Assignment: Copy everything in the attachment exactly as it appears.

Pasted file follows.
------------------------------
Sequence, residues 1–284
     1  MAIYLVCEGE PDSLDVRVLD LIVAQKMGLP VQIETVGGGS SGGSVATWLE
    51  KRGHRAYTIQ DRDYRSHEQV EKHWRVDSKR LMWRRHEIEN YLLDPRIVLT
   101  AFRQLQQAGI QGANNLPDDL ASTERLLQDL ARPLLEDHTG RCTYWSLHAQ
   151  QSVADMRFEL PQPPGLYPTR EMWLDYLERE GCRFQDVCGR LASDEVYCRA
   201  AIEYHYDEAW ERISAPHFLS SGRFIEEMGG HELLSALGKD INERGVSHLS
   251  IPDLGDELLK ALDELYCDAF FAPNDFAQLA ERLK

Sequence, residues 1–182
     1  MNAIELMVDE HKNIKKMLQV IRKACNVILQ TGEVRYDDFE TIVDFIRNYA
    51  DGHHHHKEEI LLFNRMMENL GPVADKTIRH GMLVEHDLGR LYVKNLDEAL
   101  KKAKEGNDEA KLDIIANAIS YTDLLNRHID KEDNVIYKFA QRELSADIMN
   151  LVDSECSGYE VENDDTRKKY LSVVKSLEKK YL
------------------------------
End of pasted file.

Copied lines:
Sequence, residues 1–284
     1  MAIYLVCEGE PDSLDVRVLD LIVAQKMGLP VQIETVGGGS SGGSVATWLE
    51  KRGHRAYTIQ DRDYRSHEQV EKHWRVDSKR LMWRRHEIEN YLLDPRIVLT
   101  AFRQLQQAGI QGANNLPDDL ASTERLLQDL ARPLLEDHTG RCTYWSLHAQ
   151  QSVADMRFEL PQPPGLYPTR EMWLDYLERE GCRFQDVCGR LASDEVYCRA
   201  AIEYHYDEAW ERISAPHFLS SGRFIEEMGG HELLSALGKD INERGVSHLS
   251  IPDLGDELLK ALDELYCDAF FAPNDFAQLA ERLK

Sequence, residues 1–182
     1  MNAIELMVDE HKNIKKMLQV IRKACNVILQ TGEVRYDDFE TIVDFIRNYA
    51  DGHHHHKEEI LLFNRMMENL GPVADKTIRH GMLVEHDLGR LYVKNLDEAL
   101  KKAKEGNDEA KLDIIANAIS YTDLLNRHID KEDNVIYKFA QRELSADIMN
   151  LVDSECSGYE VENDDTRKKY LSVVKSLEKK YL